kirstenGreat%20Whitesmall

Do you have an agent? If so, who and how long have the represented you? If not, would you like one?

I do not have an agent and am definitely seeking someone to represent me.

kristinfrog%20samples

How many books have you illustrated?

I’ve illustrated three picture books and one activity book.

kirstenphoto9
Did you self-publish your new activity book, “Where the Land and Sea Meet”? How do people order it if they want a copy?

No, but I am the illustrator, author and art director. The activity book is an education outreach project that a team of scientists published through their universities. It is currently available in English from University of Alaska, Fairbanks, Alaska Sea Grant: http://seagrant.uaf.edu/bookstore/pubs/SG-ED-74.html
And is available in Italian from Pisa University Press:
http://www.edizioniplus.it/scheda-libro/carlson-kirsten/dove-terra-e-mare-si-incontrano-9788884927316-34091.html
It’s also been translated into Spanish but it’s not yet published.

kirsten3-research

Talk about doing research and your homework. Kirsten takes it to the next level.

kirsten3b-croc study

What types of research do you do for your illustrations? It looks like you snorkel. Do you take pictures or do any research before you start a project?

I love to do research, sketch and photograph extensively for projects. I enjoy learning as much as I love drawing. I will sketch in the cold & snow and even underwater to research my subjects.

SONY DSC
Who is Taylor Trade Publishing and how did you end up illustrating Sea Secrets: Tiny Clues to a Big Mystery for them?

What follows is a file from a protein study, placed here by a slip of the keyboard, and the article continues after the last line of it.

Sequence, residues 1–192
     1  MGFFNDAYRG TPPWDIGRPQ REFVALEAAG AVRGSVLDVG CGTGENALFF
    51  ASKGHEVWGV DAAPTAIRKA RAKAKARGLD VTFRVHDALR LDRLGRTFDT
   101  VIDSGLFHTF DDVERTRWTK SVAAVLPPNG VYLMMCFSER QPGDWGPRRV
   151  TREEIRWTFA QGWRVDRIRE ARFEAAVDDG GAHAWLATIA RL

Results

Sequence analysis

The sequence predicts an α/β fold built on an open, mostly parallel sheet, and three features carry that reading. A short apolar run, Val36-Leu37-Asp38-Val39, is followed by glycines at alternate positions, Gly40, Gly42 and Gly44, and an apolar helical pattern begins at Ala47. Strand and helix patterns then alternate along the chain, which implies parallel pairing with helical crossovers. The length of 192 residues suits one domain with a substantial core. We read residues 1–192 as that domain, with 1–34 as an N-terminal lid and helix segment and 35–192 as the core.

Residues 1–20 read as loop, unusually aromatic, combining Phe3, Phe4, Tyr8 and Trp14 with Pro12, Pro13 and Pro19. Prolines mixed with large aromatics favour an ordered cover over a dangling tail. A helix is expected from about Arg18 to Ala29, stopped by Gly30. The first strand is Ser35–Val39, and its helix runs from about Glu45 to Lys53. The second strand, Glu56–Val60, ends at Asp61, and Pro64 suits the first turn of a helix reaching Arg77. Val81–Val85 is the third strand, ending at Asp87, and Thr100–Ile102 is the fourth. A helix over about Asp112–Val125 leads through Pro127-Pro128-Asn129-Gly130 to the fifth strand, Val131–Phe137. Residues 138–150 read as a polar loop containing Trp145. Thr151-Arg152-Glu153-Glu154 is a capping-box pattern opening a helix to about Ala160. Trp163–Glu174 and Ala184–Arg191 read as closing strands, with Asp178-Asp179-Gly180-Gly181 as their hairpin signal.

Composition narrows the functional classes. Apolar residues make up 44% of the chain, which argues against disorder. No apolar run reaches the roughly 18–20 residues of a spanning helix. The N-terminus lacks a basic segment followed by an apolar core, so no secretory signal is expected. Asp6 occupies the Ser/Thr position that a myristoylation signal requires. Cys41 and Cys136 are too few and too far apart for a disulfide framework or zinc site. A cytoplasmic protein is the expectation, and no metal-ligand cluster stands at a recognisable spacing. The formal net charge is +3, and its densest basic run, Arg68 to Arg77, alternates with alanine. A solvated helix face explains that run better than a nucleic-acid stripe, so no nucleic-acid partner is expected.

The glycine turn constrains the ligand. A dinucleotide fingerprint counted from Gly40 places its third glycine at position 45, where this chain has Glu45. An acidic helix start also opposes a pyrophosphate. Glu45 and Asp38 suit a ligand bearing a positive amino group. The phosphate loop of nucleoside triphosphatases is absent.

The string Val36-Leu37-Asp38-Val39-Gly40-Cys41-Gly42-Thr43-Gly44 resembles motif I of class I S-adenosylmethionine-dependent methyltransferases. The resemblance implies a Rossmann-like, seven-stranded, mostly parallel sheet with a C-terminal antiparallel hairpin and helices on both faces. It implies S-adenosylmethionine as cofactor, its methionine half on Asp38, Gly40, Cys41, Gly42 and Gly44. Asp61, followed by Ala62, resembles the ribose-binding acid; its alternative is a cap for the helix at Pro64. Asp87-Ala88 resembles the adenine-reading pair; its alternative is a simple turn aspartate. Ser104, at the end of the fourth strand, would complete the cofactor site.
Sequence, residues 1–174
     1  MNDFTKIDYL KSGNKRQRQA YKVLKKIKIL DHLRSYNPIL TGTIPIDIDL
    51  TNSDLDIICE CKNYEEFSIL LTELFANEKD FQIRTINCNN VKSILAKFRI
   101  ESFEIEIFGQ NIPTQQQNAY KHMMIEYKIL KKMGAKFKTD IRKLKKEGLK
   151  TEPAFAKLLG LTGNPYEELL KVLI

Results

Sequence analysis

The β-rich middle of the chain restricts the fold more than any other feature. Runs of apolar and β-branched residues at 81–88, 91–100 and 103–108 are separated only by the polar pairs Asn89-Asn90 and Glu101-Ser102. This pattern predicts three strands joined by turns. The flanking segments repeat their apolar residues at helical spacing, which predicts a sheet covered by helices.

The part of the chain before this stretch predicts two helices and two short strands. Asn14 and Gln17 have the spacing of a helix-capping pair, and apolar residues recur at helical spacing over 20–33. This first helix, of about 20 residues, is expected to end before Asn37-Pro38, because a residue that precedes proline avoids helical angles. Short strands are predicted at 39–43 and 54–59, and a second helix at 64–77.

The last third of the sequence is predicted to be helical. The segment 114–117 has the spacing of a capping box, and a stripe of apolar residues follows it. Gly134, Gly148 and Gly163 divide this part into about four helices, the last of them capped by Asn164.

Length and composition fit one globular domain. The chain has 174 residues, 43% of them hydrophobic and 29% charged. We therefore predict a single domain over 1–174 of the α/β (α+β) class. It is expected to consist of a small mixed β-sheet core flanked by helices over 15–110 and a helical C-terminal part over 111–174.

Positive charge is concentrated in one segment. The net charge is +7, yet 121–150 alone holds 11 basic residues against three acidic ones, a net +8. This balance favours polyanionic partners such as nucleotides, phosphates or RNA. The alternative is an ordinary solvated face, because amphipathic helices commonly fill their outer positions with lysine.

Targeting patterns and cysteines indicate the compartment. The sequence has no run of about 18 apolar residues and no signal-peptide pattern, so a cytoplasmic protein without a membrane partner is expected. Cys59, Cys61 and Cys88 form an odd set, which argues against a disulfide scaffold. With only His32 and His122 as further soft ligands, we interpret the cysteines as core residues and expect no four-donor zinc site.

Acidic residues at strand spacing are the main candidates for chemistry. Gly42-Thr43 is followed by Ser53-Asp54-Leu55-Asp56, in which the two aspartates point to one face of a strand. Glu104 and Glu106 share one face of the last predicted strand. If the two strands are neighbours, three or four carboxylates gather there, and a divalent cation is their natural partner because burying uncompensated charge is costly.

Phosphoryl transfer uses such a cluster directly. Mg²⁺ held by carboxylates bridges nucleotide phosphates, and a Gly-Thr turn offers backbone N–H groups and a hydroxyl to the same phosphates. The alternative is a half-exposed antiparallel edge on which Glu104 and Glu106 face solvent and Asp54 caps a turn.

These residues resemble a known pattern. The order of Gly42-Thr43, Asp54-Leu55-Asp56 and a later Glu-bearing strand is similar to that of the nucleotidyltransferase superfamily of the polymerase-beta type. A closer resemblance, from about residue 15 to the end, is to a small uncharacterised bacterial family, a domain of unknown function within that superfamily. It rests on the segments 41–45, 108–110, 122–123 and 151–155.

They are the parent company for the imprint, Moonlight Publishing. They are printing and distributing all the educational picture books for a scientific group called The Long Term Ecological Research (LTER) Network. I was contacted by the Education and Outreach Coordinator for one of the LTER research groups because she like my illustrations for Ocean Seasons. I designed and illustrated the book for a flat fee, and worked with Beth Simmons, the Education and Outreach Coordinator on several more really fun education projects (but not kids books).

kirstenphoto 11a
kirstenphoto 11b

kirstenphoto 11c

I see Ocean Seasons just came out in paperback. Was it previously printed as a hardcover?

It was published as a hardcover in 2007. Sylvan Dell also offers it as an eBook in Spanish & English.

kirstenphoto 12 a

How do you keep your illustrating talent on the minds of your clients?

Ideally, I would be sending out postcards a few times a year, but I have a lot of opportunity to grow in this area. I’m becoming more active in social media as a way to stay connected to clients that are also using social media.

kirstenphoto 12 c
Have you gotten any work through networking?

Most definitely. Meeting people in person and showcasing my illustrations at conferences are the primary ways I’ve gotten work. Specifically, at conferences involving the Society of Children’s Book Writers & Illustrators, National Marine Educators Association, and Western Society of Naturalists.

kirstenphoto 12b

Do you do any art exhibits to help get noticed?

I’ve done one every few years, they are a great motivator to produce work and it’s a great way to reach out to the local community.

kirstenphoto 14

Do you ever use Photoshop?

Almost every day. I haven’t decided if I will continue to use them since they are going to be subscription-only, but for now I use Adobe CS5 for 99% of my digital work.

kirstenphoto 15

Do you own a graphic tablet? If so, how do you use it?

I have and adore my Wacom Cintiq display and Bamboo tablet. They are fantastic tools for working digitally. I use them primarly for touching up work.

kirstenfishschool